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Indian Village
The Indian Village of Pomeiooc, engraved by De Bry from a drawing by John White.

The Lost Colony of 1587

In the year 1587, Sir Walter Raleigh organized another colonial expedition consisting of 150 persons. Its truer colonizing character was evidenced by the significant facts that, unlike the expedition of 1585, this one included women and children, and the men were called "planters." Its government was also less military, since the direction of the enterprise in Virginia was to be in the hands of a syndicate of sub-patentees—a governor and 12 assistants whom Raleigh incorporated as the "Governor and Assistants of the Citie of Ralegh in Virginia."

The new arrangement indicated that colonization was becoming less of a one-man venture and more of a corporate or business enterprise, anticipating in a certain degree the later English companies that were to found successful colonies in Virginia and New England. Exactly what inducements Raleigh offered to the planters are not known. His terms were probably liberal, however, because Hariot, writing in February 1587, paid tribute to Raleigh's generosity, saying that the least that he had granted had been 500 acres of land to each man willing to go to America. Those contributing money or supplies, as well as their person, probably stood to receive more. From the list of names that has come down to us, it would appear that at least 10 of the planters took their wives with them. Ambrose Viccars and Arnold Archard brought not only their wives but one child each, Ambrose Viccars and Thomas Archard. Altogether there were at least 17 women and 9 children in the group that arrived safely in Virginia.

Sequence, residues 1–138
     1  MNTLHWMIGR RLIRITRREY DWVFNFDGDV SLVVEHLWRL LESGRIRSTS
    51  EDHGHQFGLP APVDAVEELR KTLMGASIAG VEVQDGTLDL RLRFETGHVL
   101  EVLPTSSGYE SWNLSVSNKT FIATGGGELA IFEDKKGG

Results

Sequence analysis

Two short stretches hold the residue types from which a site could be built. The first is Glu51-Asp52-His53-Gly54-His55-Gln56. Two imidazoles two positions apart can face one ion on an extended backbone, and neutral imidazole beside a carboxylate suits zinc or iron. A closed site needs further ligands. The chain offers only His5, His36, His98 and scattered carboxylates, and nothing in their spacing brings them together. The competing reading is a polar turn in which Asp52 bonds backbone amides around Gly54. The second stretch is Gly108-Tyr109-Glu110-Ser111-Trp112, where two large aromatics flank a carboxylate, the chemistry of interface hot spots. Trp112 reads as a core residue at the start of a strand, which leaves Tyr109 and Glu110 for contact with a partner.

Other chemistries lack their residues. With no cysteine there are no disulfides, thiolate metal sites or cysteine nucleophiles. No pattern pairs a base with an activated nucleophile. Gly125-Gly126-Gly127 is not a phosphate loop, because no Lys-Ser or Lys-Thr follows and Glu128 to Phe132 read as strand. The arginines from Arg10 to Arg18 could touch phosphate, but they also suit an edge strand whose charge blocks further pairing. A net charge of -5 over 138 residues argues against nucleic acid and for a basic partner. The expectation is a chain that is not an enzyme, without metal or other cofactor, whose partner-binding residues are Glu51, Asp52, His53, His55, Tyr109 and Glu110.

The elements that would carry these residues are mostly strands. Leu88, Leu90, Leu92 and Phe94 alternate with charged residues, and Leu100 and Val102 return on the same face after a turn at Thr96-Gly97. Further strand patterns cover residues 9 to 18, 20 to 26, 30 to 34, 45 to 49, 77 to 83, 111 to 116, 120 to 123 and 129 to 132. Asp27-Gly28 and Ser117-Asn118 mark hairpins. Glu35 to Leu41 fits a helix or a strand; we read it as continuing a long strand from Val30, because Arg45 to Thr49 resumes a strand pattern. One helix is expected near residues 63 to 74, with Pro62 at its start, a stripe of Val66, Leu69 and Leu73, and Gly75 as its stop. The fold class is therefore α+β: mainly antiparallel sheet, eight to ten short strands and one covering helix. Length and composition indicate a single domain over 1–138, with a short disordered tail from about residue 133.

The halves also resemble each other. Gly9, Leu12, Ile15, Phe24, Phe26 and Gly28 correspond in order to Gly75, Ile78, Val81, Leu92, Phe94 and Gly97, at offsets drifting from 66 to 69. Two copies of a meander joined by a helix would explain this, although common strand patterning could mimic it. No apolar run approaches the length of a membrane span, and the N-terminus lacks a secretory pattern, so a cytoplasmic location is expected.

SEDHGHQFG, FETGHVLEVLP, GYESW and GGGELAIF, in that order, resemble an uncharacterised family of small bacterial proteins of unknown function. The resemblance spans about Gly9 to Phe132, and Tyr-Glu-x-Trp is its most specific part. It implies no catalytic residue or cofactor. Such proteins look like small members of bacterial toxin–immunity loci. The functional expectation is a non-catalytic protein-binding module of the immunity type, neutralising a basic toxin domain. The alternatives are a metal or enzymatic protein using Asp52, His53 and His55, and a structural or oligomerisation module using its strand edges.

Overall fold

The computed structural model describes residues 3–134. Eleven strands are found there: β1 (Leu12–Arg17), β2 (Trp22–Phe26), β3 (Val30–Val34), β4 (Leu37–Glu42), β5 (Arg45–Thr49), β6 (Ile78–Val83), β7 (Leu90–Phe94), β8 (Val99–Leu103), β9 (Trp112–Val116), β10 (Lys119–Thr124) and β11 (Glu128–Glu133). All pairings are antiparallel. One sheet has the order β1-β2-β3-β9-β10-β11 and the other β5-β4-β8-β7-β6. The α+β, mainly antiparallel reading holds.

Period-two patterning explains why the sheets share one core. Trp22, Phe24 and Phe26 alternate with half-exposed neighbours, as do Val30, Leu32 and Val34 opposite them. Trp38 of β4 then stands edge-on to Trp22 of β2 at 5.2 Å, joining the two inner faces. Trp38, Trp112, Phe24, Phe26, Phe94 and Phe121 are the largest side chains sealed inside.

In still another respect, this second colonial expedition seemed to anticipate the later Jamestown settlement. Raleigh had directed, in writing, that the fort and colony be established in the Chesapeake Bay area where a better port could be had and where conditions for settlement were considered to be more favorable.

The fleet, consisting of three ships, sailed from Plymouth for Virginia on May 8. Continuity with the previous expeditions was afforded in the persons of the Governor, John White, who was to make in all five trips to Virginia, Simon Ferdinando, Captain Stafford, Darby Glande, the Irishman, and perhaps others. The route, as in 1585, lay via "Moskito Bay" in Puerto Rico. Here Darby Glande was left behind, or escaped, and lived to testify regarding the first Roanoke Island colony before the Spanish authorities at St. Augustine some years later. The expedition sailed along the coast of Haiti, even passing by "Isabella" where Grenville had traded with the Spaniards for cattle and other necessities in 1585, but this time there was no trading, possibly because of the precarious relations between England and Spain, now on the eve of open war. Whatever the reason for this failure to take in supplies in Haiti, it constituted a certain handicap for the colony of 1587.


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